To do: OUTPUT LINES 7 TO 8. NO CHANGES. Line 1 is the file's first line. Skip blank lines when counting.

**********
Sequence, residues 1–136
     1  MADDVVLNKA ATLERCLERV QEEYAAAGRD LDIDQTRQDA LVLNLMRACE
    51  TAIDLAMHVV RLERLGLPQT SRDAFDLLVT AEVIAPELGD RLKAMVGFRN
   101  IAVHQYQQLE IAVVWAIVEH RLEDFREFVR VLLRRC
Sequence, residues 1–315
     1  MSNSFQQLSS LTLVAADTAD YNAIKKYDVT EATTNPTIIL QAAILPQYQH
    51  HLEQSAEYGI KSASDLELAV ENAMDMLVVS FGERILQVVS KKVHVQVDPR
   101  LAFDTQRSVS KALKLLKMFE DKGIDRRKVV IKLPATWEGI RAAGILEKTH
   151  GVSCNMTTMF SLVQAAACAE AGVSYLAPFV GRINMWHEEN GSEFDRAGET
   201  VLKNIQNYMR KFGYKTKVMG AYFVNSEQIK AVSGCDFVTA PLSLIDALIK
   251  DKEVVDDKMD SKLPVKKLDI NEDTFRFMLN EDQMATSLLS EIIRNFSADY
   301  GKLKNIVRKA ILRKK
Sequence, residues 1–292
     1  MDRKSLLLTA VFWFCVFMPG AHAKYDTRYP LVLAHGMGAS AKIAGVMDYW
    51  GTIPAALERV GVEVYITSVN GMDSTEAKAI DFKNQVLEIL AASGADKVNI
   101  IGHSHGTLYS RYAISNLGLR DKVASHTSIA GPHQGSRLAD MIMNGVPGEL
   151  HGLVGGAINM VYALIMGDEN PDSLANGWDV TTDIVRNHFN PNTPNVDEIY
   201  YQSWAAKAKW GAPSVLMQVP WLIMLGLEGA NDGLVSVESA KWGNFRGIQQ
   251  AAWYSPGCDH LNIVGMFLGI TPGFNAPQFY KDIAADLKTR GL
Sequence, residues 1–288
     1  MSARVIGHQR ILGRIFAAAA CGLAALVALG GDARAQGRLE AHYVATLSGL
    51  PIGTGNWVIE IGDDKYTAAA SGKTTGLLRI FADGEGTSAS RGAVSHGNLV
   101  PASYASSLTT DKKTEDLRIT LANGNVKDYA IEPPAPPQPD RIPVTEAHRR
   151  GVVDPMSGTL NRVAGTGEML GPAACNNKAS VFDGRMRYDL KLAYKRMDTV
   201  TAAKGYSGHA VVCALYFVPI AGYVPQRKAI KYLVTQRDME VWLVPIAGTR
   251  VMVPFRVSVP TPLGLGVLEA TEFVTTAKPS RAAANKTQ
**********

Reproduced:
    51  HLEQSAEYGI KSASDLELAV ENAMDMLVVS FGERILQVVS KKVHVQVDPR
   101  LAFDTQRSVS KALKLLKMFE DKGIDRRKVV IKLPATWEGI RAAGILEKTH